Recovery Songs: Ralph Dartford, Valley Press
The cover of this confessional poetry collection has the poet, head bowed, holding a mic. Exposed. Recovery Songs by Ralph Dartford is not an easy read; it is not intended to be.
In an afterword to the poems the poet describes a difficult childhood in Basildon, Essex, beset by illness and bullying, and an isolated adolescence. When he left school he chose to work in the arts. “It seemed a place of safety for me; a world that was flamboyant and accepting of all my personal deficiencies,” Dartford says. “But one thing that the arts has in abundance, more than any other career choice, is the relentless pursuit of ego and triumph. My lack of self-esteem was ripened in chasing this unreachable rainbow and it became my downfall.”
Escaping from Basildon he eventually headed north, and sometimes felt an outsider there. To try and keep up “with the other so-called high flyers” he started drinking excessively and taking drugs, and ended up with a nervous breakdown and in a drug and alcohol rehab unit. He wasn’t able to cure himself easily, or quickly. The poetry “represents a snapshot of a life derailed by choices and circumstance”.
It would be wrong to suggest that the poems of Recovery Songs are all about addiction and self-loathing, although some certainly are. ‘Addict’ reads like a group-therapy statement:
I am scum
I am rum
I am crack pipe
I am coke.
… And to think I was
Once just a bloke.
Who is now broken.
Who is now broke.
‘Blackbirds’ is a subtler poem of self-hatred, while ‘This Beeston Morning’, with magpies providing the symbolism this time, is lyrical and carries hope:
I’ve slept in these rooms.
Their smoke, their foil.
Their needle numbs.
Two magpies now,
A sun breaking through.
I’ve known joy too.
One such moment of joy is recalled in an epic poem over 10 pages, ‘We Will Be Men’, in which Dartford documents a rite of passage in which he arrives home after a day of adventures with his teenage mates, and finally talks back to his bullying dad in the same cruel language that his father employed when he was younger.
Although Dartford is by no means a nature poet, as well as the aforementioned blackbirds and magpies, a red kite hovers over a Yorkshire city in a poem that is both lyrical and realistic:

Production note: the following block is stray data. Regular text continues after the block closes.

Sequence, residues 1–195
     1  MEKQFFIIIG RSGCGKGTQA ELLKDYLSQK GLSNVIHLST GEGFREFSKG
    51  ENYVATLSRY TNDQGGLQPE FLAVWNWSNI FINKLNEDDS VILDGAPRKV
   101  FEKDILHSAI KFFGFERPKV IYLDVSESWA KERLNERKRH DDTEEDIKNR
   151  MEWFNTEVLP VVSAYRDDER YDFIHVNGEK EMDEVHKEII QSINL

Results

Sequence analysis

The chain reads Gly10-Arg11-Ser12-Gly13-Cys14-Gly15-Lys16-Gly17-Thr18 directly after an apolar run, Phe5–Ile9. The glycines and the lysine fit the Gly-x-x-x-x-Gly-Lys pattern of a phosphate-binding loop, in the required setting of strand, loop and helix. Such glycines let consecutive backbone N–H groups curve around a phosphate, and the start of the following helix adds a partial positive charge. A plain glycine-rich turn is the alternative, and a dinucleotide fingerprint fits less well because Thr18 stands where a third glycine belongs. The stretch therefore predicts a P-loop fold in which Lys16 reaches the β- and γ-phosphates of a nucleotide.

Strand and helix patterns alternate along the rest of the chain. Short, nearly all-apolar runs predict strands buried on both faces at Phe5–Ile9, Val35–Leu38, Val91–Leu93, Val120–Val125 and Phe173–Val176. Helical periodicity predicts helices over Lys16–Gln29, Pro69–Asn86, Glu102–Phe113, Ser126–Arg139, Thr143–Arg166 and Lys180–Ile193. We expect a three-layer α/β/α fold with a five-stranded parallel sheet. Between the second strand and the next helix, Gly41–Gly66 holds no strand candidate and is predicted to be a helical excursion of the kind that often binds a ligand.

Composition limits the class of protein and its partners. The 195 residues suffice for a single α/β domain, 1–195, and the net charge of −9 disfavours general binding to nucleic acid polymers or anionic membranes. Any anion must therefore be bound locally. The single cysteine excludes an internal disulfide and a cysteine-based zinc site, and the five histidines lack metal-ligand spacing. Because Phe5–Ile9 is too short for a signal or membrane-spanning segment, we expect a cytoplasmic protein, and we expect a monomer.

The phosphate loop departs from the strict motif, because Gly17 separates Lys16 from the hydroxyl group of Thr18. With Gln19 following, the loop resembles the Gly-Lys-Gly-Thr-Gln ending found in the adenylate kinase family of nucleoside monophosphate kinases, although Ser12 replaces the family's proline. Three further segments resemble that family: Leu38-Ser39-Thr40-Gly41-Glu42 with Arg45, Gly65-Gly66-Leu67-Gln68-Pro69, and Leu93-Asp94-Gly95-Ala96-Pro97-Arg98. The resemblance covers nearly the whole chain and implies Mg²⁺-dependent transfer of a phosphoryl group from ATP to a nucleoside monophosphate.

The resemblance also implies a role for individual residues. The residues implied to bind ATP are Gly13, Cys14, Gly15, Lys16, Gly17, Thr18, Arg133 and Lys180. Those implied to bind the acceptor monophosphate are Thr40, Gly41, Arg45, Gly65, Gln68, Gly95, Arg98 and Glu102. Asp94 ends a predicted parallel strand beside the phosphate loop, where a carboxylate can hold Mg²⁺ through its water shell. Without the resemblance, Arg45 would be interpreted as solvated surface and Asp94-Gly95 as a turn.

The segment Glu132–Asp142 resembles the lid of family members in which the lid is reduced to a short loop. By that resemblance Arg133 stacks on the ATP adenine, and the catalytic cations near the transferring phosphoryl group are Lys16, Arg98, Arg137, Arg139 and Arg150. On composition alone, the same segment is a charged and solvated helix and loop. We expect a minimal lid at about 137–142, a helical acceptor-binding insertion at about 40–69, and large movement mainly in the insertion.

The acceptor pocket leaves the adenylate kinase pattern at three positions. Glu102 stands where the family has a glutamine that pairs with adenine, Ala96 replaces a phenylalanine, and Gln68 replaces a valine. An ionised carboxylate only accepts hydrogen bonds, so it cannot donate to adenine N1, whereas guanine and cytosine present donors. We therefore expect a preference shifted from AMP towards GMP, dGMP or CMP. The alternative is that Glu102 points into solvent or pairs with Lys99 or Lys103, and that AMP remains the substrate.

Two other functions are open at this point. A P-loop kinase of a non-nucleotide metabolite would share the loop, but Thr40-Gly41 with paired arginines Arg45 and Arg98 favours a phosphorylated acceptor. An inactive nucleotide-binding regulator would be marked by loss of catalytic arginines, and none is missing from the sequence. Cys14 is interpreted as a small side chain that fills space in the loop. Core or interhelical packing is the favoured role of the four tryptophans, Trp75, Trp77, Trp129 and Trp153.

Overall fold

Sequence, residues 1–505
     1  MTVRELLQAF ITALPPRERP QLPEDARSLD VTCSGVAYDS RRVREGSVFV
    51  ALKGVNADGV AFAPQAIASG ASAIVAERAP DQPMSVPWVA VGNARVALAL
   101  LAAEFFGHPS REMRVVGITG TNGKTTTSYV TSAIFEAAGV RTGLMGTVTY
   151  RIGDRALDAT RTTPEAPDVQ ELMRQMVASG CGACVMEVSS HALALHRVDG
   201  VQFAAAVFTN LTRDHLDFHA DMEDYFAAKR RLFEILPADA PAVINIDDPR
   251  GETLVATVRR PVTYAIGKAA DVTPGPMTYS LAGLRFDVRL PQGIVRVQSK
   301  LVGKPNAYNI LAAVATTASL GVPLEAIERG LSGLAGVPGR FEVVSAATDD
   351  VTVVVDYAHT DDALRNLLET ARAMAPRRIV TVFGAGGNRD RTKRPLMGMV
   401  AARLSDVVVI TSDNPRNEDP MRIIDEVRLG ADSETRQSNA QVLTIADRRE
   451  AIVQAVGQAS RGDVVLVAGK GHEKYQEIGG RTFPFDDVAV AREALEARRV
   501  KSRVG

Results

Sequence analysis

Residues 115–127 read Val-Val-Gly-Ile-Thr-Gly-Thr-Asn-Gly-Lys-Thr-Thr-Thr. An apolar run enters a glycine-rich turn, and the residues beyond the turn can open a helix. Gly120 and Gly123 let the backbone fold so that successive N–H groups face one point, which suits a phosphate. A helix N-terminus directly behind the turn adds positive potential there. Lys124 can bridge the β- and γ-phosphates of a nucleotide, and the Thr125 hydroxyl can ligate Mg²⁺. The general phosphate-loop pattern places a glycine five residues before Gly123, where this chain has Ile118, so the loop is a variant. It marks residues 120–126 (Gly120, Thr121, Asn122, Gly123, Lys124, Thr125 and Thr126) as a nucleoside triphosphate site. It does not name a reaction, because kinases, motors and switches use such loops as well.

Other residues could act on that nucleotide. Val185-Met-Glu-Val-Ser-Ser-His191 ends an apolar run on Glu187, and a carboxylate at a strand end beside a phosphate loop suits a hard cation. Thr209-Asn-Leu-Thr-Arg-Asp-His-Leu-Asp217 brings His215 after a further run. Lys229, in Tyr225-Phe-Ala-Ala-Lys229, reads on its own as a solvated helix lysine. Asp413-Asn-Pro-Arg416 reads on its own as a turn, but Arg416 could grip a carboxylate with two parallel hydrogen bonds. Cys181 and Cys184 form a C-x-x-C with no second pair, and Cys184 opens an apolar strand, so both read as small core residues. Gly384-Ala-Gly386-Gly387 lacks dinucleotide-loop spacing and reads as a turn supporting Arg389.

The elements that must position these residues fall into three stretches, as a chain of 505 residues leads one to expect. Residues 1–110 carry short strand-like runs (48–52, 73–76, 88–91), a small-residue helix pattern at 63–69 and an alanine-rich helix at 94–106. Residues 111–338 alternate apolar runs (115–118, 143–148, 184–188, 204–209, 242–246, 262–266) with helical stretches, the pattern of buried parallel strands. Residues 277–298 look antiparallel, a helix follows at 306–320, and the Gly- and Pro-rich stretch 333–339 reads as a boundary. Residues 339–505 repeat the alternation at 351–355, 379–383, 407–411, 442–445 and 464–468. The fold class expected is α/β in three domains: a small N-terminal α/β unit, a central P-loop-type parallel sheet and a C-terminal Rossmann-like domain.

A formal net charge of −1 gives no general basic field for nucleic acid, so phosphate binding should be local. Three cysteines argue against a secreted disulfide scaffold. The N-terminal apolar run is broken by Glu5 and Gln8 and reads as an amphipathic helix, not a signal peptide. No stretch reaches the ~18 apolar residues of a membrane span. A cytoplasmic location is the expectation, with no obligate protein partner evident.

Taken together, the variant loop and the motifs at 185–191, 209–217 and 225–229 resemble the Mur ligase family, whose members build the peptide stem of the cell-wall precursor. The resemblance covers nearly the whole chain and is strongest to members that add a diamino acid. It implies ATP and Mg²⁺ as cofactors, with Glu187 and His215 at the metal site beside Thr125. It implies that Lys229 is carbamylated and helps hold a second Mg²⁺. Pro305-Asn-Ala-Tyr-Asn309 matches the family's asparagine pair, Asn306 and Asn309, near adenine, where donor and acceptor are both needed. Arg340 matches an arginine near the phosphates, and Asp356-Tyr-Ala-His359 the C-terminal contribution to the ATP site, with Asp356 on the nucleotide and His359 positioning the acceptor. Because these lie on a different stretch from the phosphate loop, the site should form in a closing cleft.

Eyes beaded as the
chase kebab meat,
chips, and prophylactic
kerb to kerb.
When Dartford arrives in the north he is sometimes conscious of his position as an outsider. ‘The Commer Inner’ attempts to convey such feelings, but I find that another poem, ‘North’, is more effective in this regard:
‘He’d come from Essex,
they said. He were really
not up to much.
Aye. We knew summat were
right wrong with him.
He were delicate to the touch.’
Whatever they think of him, he is aware of the plight of the land he now lives in:
hours long given way to call centres,
the credit peddlers, the dreams of children.
And if Christ is the redeemer, then look down
and hang a woman’s deeds. The one
who groomed this South Yorkshire town from
pride to prejudice, from hope to heroin.
(‘Dreams of Children’)
Contained in these few lines are references to pit closures, child abuse by grooming gangs, and Brexit, with one politician blamed for it all.
Despite his personal battles, Ralph Dartford has already enjoyed successful years as founder of the spoken word collective known as A Firm of Poets, which gained some renown on the poetry scene while at the same time offering a way in for youngsters. And now he has salvaged a significant collection from his struggle against addiction. It took bravery, honesty and self-awareness, as well as poetic skill to complete this book. I wish him well on his road to redemption.